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You may have heard that you can’t make jam from pineapple and papaya because they contain various enzymes that won’t allow the flesh to gel. First and foremost, yes, these fruits don’t jam well because of certain enzymes. Second, you definitely can make jam from both if you use a few tricks.
What are these enzymes and what exactly are they doing?
The Enzyme Bromelain
To begin, let’s talk about the enzyme called bromelain. Pineapples are packed with the stuff, though particularly in the stem and skin.
Bromelain is known for its ability to break down protein chains. This gives it a culinary use as a tenderizer to soften up tough cuts of meat. In fact, it’s such a great tenderizer that when using pineapple juice as a marinade, you only have to actually marinate for a short time. Marinate too long and the meat will literally fall apart.
This enzyme is also why pineapple won’t form into jam and jelly when gelatin is used, as the enzyme breaks down the gelatin. However, you can add agar-agar to neutralize this reaction.
In fact, this enzyme is so strong that pineapple processors have to wear gloves and masks since the juice will eventually eat away at the hands and face. When cutting up lots of pineapples, it isn’t uncommon to come away with dry, flaky skin or even small sores.
There is some research to see if this enzyme can be used to treat osteoarthritis, but results so far are still pending or inconclusive.
The Enzyme Papain
So that leaves papaya. Papayas contain an enzyme called papain. This enzyme is rich in the fruit and the latex of the tree. However, the amount in the fruit lowers as it ripens; whereas young, green papayas are packed with papain.
Papain, like bromelain, is often used as a tenderizer. South American natives used to use the fruit and juice to work on tough cuts of meat. Even today, papain is a key ingredient in powdered meat tenderizers.
Papain is also used in toothpaste as a teeth whitener. It has also shown to interfere with urine-based drug tests for cannabinoids.
So what is the best way to use these fruits in cooking? First off, feel free to continue eating them in juices, salads, or straight. However, when marinating meat, mix the juice or pulp with garlic, cumin seeds, oil, diced chilies, lime, and cilantro, and use it for chicken or pork. Be sure not to marinate for more than 30 minutes. This mixture can be used on fish, but only marinate for 10 minutes.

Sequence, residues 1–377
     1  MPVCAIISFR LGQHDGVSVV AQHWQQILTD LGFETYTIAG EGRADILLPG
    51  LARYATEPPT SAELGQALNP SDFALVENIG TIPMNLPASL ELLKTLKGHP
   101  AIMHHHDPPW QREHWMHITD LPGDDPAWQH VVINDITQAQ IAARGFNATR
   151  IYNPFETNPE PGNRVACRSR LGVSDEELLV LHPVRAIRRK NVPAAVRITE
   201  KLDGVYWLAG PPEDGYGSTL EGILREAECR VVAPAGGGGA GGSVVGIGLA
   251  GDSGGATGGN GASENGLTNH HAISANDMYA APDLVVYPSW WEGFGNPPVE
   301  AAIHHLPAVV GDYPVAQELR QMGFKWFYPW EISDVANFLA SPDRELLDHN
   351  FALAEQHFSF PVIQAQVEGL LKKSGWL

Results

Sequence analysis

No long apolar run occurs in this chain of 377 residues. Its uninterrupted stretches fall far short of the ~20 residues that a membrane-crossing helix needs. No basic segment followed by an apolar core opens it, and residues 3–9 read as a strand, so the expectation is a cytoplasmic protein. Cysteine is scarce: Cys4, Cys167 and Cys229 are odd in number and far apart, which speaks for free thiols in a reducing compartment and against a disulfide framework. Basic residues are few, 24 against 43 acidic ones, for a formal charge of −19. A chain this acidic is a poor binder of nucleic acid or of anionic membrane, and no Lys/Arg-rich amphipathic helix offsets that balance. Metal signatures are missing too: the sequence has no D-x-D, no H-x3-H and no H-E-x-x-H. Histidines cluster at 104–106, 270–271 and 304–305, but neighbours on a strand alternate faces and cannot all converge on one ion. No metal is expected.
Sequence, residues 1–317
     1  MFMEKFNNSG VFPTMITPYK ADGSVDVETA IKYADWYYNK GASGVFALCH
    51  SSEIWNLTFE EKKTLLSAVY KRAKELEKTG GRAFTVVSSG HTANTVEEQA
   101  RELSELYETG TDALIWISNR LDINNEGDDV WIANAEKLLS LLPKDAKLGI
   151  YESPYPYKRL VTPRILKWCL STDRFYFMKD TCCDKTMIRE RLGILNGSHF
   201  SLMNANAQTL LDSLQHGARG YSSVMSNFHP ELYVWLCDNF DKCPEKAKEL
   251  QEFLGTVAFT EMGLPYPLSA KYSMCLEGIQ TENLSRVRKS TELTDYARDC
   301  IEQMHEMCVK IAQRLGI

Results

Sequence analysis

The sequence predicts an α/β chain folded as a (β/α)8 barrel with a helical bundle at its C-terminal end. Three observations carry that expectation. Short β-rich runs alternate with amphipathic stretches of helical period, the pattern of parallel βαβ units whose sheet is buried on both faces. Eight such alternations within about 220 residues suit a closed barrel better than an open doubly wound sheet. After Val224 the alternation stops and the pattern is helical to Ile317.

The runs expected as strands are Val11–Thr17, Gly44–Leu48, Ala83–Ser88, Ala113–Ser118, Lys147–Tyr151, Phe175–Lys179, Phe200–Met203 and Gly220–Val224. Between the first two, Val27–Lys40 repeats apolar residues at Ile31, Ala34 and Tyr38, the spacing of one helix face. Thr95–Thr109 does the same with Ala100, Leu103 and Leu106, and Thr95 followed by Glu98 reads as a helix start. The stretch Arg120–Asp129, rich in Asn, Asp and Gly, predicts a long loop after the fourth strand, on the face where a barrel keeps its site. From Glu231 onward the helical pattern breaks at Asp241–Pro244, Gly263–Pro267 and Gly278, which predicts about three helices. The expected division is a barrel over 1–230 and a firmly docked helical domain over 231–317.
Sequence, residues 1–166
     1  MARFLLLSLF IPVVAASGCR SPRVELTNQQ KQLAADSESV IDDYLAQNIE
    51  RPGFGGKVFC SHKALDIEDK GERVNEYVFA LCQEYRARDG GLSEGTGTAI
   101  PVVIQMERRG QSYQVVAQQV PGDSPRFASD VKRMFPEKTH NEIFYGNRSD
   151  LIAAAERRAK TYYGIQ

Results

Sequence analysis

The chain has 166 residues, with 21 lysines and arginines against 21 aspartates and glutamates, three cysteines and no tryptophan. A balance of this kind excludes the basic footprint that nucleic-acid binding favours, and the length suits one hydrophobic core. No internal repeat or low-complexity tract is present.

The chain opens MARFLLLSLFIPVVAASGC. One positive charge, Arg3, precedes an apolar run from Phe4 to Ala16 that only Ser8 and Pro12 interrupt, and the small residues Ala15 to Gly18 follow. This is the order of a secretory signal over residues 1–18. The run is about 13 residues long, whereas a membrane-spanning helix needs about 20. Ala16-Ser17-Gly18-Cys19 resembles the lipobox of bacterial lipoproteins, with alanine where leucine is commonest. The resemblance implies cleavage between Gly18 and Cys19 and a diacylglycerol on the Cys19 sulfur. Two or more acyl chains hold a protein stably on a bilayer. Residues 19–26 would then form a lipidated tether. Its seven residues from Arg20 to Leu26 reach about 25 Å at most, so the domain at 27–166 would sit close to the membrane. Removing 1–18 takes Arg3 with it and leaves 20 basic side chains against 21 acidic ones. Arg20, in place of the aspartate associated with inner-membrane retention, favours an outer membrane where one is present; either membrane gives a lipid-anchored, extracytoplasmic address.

Personally, we’re a fan of this marinade for goat and sheep. Use it on the toughest cuts or use it directly in a braising liquid for a phenomenal meal.
Tadikonda A, Pentapati KC, Urala AS, Acharya S. Anti-plaque and anti-gingivitis effect of Papain, Bromelain, Miswak and Neem containing dentifrice: A randomized controlled trial. J Clin Exp Dent. 2017;9(5):e649-e653. doi:10.4317/jced.53593
Video about Enzyme In Pineapple That Breaks Down Protein
Pineapple Enzymes and Gelatin – The Sci Guys: Science at Home
Welcome to science at home in this experiment we are exploring what happens when steel wool comes in contact with vinegar. Steel wool is made of an iron alloy and has a protective coating to prevent rusting. The vinegar removes the protective coating and exposes the iron to oxygen that quickly oxidizes the steel wool. At the end of this episode you will be able to demonstrate what happens when steel wool come in contact with vinegar, explain why the steel wool rusts and explain what an oxidation reaction is.
Help support us to do more experiments by becoming a patron on patreon: http://www.patreon.com/thesciguys
Equipment and Ingredients:
Fresh Pineapple (Alternatives are: Kiwi, Papaya and Figs)
Glass or Beaker
Spoon or Spatula
Apron or Lab Coat
Previous Episode: Copper Electroplating: https://www.youtube.com/watch?v=7t7v8w7EqTM&list=PL7VnnL-CJ-z5fZDvjxy7TATkITyw32erX&index=6
Next Episode: Coming Soon
Check out our website for more experiments, written explanations of the steps and the material list. http://www.thesciguys.ca
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